2 December 2014

How to buy a car in Sarawak

We were one of only a handful of expats to buy a locally registered car (as opposed to a diplomatic registered car) in Astana.  The whole process was long winded, tiresome and incredibly confusing.
Here in Sarawak most expats buy their own car and the process is very easy.  

Miri is home to many second hand car shops (and a number of dealers).  Most cars for sale are either the Malaysian brands (Perodua and Proton) or Japanese models.  If you buy a new Japanese car you should check whether it is CBU (completely built up or made in Japan) and CKD (completely knocked down or build on license in Malaysia.  Second hand cars may be ‘recon’ (reconditioned).  Unfortunately most cars are automatic and it is difficult to find a car with a proper transmission.

Many people choose to buy a 4x4 – either a double cab flat bed truck or a seven seat/five door car.  I have wanted a flat bed for many years but sadly it is not practical for us here in Miri as the dogs need an air-conditioned boot to ride in so we went for the seven seater option.  This has the benefit of ensuring that all the family plus dogs can travel in the one car and that we can transport visitors without the need to take two cars on trips. 

Most dealers will sell the car with a finance package, road tax, registration and insurance.  If you prefer you can take out finance with your bank.  As with most car finance packages the larger the deposit the better value the repayments.  We looked at several finance options on newer cars but we wanted to buy something fairly old but in decent condition that would hold its resale value reasonably well and preferably to buy outright rather than finance (we had the proceeds from our Astana sale).  We had heard that it can be difficult to get financing on cars older than 10 years in any event.  It is also possible to purchase cars through private sale - many local internet forums list cars but make sure to check any judgements outstanding against the car and make sure that the ownership is proved if you decide to go this route. 

A colleague of my husband’s had an older car he wanted to sell so after a few test drives and an independent garage check we decided to buy it – we are now the proud owners of an ancient Mitsubishi Prado.  It certainly seems comfortable and the kids are looking forward to my being able to give their friends lifts home for play dates.  We decided to register the purchase in my name – the Astana car was in my husband’s as I was out of the country when the purchase went through.  This caused us endless problems as he had to  authorise any work, be present for the annual check and sign all sale documents.  Finding time in his schedule was next to impossible.  I was slightly worried that the authorities would not want me to own the car as I am on a dependant visa and driving on an International Driving Permit and not a Malaysian licence.  This did not, however, seem to cause any problems at all.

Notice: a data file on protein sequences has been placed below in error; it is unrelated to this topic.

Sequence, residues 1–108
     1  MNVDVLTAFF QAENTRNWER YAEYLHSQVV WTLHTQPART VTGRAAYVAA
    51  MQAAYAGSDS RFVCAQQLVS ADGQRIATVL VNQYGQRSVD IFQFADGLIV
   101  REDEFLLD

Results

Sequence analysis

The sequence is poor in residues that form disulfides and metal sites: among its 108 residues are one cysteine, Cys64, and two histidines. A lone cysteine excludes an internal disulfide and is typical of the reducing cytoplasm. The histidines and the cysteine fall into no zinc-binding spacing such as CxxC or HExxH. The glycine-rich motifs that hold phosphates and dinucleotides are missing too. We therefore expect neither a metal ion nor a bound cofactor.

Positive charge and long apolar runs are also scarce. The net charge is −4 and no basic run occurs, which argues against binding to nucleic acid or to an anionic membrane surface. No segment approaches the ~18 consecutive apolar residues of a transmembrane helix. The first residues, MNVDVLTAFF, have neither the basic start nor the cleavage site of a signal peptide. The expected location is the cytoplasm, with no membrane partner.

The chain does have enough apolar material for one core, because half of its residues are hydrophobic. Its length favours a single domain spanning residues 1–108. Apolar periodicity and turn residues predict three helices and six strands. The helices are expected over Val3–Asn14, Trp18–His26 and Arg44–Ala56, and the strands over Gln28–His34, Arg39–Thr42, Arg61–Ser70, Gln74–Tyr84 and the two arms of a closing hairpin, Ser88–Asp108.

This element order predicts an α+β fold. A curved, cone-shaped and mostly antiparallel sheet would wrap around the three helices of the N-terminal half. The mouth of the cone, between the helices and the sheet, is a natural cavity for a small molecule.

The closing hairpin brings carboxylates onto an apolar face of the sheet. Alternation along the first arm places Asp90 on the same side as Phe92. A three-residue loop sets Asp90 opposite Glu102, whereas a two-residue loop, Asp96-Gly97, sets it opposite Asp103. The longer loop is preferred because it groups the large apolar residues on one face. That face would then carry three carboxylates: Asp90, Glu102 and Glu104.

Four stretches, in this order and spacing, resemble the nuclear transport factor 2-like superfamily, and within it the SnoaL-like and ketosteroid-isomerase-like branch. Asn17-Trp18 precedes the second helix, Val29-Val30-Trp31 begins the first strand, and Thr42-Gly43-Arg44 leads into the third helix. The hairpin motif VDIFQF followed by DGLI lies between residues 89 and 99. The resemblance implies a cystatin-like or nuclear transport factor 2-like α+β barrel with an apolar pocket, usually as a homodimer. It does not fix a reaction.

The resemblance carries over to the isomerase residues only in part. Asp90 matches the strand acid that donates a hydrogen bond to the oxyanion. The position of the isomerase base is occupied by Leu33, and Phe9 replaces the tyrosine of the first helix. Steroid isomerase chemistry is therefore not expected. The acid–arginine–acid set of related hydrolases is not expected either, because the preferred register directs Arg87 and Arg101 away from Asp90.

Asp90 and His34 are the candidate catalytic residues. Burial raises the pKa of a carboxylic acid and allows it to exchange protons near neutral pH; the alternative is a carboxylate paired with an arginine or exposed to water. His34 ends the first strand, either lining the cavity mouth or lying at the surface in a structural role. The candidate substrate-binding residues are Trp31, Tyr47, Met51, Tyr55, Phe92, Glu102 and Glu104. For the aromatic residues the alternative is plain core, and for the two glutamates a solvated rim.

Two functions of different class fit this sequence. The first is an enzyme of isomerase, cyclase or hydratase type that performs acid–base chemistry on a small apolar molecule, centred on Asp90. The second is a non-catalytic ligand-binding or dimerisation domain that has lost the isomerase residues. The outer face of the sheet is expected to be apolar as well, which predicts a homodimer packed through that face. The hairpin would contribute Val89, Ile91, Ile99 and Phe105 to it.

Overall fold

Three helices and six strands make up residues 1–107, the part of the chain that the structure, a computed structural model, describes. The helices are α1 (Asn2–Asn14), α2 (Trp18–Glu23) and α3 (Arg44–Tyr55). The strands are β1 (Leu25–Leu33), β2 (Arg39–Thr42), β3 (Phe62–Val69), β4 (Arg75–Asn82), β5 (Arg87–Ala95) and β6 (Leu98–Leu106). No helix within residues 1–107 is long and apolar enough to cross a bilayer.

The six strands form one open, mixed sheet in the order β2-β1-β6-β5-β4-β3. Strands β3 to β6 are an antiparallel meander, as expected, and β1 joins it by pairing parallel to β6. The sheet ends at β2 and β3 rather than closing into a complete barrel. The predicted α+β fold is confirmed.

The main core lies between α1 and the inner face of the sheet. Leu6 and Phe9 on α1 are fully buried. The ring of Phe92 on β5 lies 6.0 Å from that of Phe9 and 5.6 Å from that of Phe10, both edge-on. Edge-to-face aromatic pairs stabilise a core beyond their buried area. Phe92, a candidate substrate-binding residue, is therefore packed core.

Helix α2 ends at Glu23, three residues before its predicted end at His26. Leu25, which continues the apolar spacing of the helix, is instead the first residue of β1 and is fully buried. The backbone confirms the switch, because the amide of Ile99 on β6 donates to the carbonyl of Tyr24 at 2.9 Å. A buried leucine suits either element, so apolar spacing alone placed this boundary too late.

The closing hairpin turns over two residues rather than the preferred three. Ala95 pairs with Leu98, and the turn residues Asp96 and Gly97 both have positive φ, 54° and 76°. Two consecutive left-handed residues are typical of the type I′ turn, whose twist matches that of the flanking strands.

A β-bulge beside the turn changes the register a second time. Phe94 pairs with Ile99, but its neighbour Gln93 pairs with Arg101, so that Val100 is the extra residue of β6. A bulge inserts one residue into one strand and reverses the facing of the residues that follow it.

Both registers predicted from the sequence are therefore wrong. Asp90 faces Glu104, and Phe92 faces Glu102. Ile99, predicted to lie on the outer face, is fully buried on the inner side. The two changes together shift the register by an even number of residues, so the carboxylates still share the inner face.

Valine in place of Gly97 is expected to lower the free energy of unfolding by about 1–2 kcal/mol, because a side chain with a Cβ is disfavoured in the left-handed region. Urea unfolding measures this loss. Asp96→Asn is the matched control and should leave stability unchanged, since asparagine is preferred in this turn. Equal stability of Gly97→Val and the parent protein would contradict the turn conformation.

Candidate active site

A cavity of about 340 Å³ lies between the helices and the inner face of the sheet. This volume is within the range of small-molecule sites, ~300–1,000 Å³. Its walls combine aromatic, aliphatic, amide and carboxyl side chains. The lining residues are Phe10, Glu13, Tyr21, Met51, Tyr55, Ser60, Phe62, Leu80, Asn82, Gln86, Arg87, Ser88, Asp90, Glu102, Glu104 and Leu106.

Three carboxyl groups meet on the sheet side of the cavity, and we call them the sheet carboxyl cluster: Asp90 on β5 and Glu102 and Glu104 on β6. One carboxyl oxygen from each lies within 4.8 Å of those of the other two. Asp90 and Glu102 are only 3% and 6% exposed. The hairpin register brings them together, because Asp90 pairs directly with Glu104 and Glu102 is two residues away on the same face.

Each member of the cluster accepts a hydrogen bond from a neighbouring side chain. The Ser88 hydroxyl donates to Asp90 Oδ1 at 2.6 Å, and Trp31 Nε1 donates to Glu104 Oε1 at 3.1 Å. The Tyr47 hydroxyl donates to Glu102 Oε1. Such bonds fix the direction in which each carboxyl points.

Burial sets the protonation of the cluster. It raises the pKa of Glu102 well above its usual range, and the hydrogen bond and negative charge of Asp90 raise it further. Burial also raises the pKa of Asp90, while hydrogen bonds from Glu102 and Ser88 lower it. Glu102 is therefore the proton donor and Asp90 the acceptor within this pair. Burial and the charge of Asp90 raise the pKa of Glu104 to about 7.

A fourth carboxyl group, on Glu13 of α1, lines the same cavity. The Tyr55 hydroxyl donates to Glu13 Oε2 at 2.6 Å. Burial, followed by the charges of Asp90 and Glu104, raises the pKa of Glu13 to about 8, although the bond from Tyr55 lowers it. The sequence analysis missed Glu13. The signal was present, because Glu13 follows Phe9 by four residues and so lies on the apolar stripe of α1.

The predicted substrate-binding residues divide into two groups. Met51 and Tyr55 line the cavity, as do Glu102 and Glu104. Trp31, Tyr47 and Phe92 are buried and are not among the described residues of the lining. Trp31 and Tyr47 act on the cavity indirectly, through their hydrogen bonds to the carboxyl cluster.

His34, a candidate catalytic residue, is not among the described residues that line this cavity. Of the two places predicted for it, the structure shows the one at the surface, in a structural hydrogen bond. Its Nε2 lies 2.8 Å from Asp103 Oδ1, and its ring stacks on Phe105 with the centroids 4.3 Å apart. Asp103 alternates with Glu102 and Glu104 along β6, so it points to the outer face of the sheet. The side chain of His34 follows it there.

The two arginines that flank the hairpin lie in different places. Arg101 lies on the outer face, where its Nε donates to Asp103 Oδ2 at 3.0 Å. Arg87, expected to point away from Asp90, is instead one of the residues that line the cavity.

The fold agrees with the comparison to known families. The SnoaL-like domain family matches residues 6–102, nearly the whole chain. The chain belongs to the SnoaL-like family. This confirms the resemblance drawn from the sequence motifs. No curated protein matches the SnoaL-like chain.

The purchase and insurance process was fairly simple and is handled by the JPJ (Road Transport Department) in Miri. We used an agent to help us as all registration papers are in Bahasa Malay.  We had to provide passport and licence copies for all named drivers, the passport of the seller and my passport as the purchaser.  We had to sign the transfer ledgers in the presence of the JPJ official and the registration paper was then stamped in my name, I paid for the Road Tax (about 800RM (£150)) and insurance for a similar amount.  The tax sticker and cover note were issued immediately and the car was mine to drive.  The whole thing took less than an hour - much simpler than the multi-step/multi agency process in Astana.  

The tax sticker, certificate of ownership and proof of insurance have to stay in the car at all times and must be produced if required by the police.

Click on the picture for more posts on life in Borneo.

Ersatz Expat


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  2. This type of 4x4 is very sought after by thieves/car theft syndicates. They target these cars to sell to plantation owners, sell across the border to Indonesia and to sell as scrap parts. Please do not leave your proof of ownership ( green card) in the car. Hope you enjoy malaysia :)

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  5. You might feel like selling it to the private car dealer but the money that you will get will not be worth for your old car.

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  7. Thanks for the sharing. But sometimes I'm not really confident dealing with jpj myself when buying cars. Luckily the car dealer that sells the cars to me really settled up all my needs.
    I buy cars from M Motor in Miri. You can look for them here. I do recommend them. Really helped up with the services required. https://www.facebook.com/mmotorsarawak/